Also, I would dispute the idea that the dispersal of Christians due to the persecution that ensued after Stephen’s martyrdom was the original Fresh Expression.

    Certainly, this notion does not square with the definition that: “Fresh Expressions are new forms of church that emerge within contemporary culture and engage primarily with those who don’t ‘go to church”

    With all due respect, I don’t see any evidence of this as part of the intent behind the departure from Jerusalem of those belonging to the Jesus movement.

  5. You mean ‘sheer invention’; the ‘shear invention’ was the monastic tonsure.
    I wish people would stop talking about “survivors” of abuse. The correct word is “victim”. A survivor is someone who lived while others were killed.
    I agree that ordained, stipendiary ministers are essential if a church is going to grow numerically and in other ways; and most important in this work is being an able and articulate teacher of the Bible and Christian faith. The imposition of episcopal hands in itself won’t convey this gift. Time I have spent in church schools of different hues (Anglican, RC and Methodist) – along with examining GCSE RE over several years – has convinced me that even in such privileged settings, few young people ever read the Bible or understand much basic theology about the person and work of Christ. If that is how bad things are in church schools, how is it for the great majority of the unchurched in the UK? The default positions for the UK are becoming non-religious (including vague post-Christian credulousness and moralism) and Islam. Churches that *seriously teach their people and unashamedly promote daily Bible reading are worlds apart from the disappearing ‘broad’ Anglican system.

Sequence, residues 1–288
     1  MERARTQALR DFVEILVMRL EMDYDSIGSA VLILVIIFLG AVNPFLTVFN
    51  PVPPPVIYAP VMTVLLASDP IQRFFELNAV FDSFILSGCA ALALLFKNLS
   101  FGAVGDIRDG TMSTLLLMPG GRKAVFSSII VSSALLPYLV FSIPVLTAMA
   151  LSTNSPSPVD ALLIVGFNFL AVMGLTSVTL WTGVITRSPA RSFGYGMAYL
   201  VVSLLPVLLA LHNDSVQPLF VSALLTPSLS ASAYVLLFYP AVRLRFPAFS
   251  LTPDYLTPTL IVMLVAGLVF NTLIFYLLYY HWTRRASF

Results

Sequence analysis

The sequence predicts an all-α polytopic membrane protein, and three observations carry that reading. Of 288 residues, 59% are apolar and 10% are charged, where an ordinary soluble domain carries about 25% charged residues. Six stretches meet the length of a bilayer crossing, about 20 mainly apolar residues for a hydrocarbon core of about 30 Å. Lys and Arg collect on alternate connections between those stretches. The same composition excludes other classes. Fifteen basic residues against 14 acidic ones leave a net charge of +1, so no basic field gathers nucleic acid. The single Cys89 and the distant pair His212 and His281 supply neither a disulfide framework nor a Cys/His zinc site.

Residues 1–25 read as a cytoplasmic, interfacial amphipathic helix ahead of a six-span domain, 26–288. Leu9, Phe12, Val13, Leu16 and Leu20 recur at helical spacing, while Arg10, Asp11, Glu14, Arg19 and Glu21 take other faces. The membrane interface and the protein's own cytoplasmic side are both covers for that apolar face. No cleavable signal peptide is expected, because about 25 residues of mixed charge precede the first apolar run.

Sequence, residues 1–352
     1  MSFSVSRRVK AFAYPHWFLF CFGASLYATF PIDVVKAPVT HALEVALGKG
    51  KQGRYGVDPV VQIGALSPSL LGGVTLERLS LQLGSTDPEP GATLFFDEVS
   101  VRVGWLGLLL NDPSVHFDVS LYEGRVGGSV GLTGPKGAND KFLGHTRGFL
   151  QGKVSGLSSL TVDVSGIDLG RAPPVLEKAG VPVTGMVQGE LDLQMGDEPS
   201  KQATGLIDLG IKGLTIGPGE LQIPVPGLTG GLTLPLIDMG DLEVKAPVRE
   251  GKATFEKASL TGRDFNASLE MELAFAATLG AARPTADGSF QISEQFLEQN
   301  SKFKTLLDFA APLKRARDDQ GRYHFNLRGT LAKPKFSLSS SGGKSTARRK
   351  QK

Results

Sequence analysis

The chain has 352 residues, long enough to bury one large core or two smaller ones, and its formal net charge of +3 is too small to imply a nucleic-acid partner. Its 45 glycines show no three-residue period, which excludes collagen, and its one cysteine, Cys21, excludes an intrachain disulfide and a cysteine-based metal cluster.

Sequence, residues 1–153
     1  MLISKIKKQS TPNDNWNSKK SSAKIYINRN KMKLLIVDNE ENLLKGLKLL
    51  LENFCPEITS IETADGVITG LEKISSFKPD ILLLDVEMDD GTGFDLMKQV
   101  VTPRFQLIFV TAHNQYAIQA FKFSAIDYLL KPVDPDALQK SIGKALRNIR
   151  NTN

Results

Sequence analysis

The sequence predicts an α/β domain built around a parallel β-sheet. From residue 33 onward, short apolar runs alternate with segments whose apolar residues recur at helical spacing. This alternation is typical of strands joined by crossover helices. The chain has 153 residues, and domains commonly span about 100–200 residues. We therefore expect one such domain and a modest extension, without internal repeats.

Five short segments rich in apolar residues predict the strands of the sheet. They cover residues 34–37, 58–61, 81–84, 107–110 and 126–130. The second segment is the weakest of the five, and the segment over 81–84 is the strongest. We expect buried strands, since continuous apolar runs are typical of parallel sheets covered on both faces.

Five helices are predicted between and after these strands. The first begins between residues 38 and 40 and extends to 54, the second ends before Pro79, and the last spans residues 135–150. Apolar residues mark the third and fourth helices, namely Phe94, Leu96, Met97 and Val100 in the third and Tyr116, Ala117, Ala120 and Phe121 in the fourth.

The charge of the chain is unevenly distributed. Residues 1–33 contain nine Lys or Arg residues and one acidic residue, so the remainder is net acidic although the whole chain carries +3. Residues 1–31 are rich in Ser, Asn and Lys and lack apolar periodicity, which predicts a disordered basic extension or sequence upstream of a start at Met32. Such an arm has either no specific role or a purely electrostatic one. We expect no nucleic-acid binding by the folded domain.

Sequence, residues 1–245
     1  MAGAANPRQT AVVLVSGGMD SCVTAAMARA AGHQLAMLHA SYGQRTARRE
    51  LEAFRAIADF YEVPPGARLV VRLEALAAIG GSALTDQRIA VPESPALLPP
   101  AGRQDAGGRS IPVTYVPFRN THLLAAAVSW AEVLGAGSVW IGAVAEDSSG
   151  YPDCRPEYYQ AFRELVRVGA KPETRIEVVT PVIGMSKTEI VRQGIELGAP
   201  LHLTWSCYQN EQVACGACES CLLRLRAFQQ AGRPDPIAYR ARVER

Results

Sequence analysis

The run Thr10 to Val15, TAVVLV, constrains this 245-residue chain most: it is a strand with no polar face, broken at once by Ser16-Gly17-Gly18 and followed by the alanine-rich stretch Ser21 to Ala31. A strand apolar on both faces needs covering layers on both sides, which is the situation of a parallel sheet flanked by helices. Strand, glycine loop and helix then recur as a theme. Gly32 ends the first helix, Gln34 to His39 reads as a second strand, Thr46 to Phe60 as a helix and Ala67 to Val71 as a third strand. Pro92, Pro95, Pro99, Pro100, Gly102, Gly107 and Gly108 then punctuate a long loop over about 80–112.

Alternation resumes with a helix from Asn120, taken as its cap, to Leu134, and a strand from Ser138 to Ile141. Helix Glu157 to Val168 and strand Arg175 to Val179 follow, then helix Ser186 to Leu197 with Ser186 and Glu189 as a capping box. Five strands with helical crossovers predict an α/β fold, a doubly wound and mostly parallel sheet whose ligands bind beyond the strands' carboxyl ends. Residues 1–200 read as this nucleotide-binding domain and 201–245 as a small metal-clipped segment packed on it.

6. Lots of thoughts Ian. But, as well as seeing models in Acts, we should recognise that this is where the rot set in. Acts 6 – the twelve being too important to wait at tables!

    • But Acts doesn’t give the slightest hint of rot in this account. Nor does it imply that the apostles never did anything practical. There’s a problem and it’s tackled using other Spirit – filled people (and more culturally in tune?). Likewise Stephen isn’t just a table waiter but an evangelist. No more than Moses was skiving when his father in law suggested using others.

    • They weren’t ‘too important’, Penelope – they just had to prioritise on what Jesus had called them to – “He appointed twelve that they might be with him and that he might send them out to preach” (Mark 3:14)

      Nearly all of them died as martyrs, we believe, so it’s hardly the same as a vicar who doesn’t help put the chairs away. Preaching made them marked men.

    • Have folk come across the work of John N Collins (an Australian Roman Catholic) on the word diakonia and related words? I did so in reading the Faith and Order Commission’s work “Mission and Ministry of the Whole Church” (2007, I think, and available here: